Max Planck Institute for Dynamics and Self-Organization -- Department for Nonlinear Dynamics and Network Dynamics Group
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BCCN AG-Seminar

Tuesday, 20.12.2005 16 c.t.

Modulation of Sodium Channel Function by Voltage-Sensor Toxins

by Prof. Dr. Stefan H. Heinemann
from Molekulare und zelluläre Biophysik, Klinikum der Friedrich-Schiller-Universität Jena

Contact person: Fred Wolf

Location

Seminarraum Haus 2, 4. Stock (Bunsenstr.)

Abstract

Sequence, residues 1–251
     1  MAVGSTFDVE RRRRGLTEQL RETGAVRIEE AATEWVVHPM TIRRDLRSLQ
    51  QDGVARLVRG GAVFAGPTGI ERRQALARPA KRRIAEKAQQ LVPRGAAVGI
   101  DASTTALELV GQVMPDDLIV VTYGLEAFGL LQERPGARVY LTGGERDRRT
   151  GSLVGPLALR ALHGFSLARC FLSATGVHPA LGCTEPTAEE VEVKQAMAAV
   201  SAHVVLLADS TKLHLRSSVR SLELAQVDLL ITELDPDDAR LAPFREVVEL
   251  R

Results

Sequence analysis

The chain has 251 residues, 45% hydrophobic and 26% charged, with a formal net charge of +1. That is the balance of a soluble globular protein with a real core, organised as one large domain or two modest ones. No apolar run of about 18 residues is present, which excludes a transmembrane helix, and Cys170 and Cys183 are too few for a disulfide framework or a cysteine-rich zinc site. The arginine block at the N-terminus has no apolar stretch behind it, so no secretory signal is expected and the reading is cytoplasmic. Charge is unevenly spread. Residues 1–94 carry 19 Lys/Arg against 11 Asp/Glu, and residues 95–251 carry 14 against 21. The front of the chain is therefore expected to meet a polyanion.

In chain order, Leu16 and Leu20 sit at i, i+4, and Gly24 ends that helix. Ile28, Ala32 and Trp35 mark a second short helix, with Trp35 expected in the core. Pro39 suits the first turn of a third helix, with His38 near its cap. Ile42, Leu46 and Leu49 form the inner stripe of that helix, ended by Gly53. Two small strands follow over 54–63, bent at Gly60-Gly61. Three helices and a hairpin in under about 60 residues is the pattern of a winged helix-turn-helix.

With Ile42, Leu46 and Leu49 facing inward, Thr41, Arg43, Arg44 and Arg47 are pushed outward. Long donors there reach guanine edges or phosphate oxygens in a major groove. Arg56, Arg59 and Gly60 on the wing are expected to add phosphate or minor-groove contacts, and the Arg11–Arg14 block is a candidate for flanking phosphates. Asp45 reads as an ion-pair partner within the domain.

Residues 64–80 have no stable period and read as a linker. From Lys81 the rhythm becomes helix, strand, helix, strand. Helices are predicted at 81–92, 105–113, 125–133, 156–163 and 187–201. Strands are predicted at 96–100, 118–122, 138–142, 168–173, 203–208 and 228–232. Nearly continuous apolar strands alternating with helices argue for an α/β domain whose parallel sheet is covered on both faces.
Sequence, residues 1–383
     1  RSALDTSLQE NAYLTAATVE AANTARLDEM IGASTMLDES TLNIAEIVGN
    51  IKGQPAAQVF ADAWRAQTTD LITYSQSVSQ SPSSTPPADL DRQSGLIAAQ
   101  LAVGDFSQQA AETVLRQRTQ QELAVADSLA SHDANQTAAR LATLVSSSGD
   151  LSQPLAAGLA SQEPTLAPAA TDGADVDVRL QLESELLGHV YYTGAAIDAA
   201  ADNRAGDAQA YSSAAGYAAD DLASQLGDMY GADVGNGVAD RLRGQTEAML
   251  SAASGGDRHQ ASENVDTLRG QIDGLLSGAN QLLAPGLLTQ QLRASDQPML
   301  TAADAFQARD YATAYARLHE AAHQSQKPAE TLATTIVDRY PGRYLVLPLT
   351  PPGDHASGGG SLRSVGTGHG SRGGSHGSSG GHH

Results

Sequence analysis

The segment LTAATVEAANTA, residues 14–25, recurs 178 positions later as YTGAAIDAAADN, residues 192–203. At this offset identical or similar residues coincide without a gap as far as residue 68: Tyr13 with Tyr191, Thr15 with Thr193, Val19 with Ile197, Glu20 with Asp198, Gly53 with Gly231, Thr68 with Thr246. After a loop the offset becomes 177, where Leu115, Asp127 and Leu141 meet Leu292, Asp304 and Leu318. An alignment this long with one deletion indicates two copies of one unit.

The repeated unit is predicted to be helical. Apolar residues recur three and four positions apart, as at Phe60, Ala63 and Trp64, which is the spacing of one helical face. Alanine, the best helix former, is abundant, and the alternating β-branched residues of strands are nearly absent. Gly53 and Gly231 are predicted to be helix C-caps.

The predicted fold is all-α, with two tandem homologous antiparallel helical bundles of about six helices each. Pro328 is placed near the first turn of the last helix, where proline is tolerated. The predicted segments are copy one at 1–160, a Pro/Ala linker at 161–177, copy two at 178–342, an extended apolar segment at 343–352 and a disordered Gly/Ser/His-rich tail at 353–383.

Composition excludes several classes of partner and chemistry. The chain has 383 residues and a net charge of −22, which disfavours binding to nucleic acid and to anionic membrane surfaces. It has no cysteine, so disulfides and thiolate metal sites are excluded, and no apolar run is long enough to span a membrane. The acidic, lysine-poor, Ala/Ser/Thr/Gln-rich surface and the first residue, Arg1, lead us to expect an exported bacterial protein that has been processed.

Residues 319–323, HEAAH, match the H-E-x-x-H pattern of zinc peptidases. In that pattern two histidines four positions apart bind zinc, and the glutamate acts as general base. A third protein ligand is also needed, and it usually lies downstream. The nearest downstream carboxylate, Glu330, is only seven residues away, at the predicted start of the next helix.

Voltage-gated sodium channels (NaV channels) are large transmembrane proteins mainly composed of a four-domain -subunit forming the channel complex. These channels initiate action potentials by a complex depolarization-triggered activation (opening) and subsequent inactivation (closing) of the channel pore. The major molecular elements involved in these processes are the voltage sensors, i.e. the positively charged S4 segments in all four domains. NaV channels are targets of various neurotoxins. According to their binding to the channel protein and the quality of their effects such toxins are classified with respect to so-called receptor sites (1-10). Mammals express nine different NaV channel genes, some of them showing almost indistinguishable functional properties. We have studied in detail the effects of peptide toxins from venoms of scorpions (-toxins acting on site-3 and -toxins acting on site-4) and cone snails (-conotoxins acting on site-6 and µ-O-conotoxins acting on an yet unknown site). The experimental approach was to assay the effects of such biotoxins on various NaV channel isoforms upon functional expression in mammalian cells to unravel a subtype specificity of these toxins. By formation of channel chimeras and by introduction of single-residue changes the interaction sites with NaV channels were mapped to voltage-sensor elements. Quantitative analysis of single-cell data provides insight into the molecular mechanism of how the toxins interact with the voltage sensors of NaV channels. As a result it can be shown that toxins with very different structures exerting quite diverse functional effects on NaV channels work according to a common molecular mechanism.

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